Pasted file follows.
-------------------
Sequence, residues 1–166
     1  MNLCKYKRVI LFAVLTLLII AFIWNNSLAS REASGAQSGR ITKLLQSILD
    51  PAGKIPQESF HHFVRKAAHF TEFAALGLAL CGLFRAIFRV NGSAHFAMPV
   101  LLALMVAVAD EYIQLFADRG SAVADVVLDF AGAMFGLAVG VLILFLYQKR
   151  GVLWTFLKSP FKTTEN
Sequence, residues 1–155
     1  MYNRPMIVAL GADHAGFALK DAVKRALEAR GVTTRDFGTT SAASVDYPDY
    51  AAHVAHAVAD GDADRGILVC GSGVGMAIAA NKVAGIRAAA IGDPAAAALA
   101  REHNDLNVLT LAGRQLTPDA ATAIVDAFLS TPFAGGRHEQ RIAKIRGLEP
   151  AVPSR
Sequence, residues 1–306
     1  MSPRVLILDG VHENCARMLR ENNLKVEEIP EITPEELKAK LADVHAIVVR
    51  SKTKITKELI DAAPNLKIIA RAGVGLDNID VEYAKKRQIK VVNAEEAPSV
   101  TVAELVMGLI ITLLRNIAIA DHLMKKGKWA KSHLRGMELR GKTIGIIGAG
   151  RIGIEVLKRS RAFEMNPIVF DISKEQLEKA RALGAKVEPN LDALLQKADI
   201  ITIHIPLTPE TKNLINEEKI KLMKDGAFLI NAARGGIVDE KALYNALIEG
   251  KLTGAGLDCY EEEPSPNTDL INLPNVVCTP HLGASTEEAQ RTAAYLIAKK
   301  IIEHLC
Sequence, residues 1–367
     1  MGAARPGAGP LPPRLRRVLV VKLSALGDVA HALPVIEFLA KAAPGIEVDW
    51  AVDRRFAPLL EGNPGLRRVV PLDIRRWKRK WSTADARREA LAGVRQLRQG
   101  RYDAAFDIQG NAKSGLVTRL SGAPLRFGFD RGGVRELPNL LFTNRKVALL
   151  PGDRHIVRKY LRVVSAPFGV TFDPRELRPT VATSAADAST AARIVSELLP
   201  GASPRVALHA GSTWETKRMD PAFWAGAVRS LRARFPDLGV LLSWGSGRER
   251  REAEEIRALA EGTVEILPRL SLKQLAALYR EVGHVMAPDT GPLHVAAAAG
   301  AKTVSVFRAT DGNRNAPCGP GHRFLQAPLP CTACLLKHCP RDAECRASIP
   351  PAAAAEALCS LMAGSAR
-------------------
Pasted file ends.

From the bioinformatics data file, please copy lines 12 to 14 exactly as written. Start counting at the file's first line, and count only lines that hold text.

     1  MSPRVLILDG VHENCARMLR ENNLKVEEIP EITPEELKAK LADVHAIVVR
    51  SKTKITKELI DAAPNLKIIA RAGVGLDNID VEYAKKRQIK VVNAEEAPSV
   101  TVAELVMGLI ITLLRNIAIA DHLMKKGKWA KSHLRGMELR GKTIGIIGAG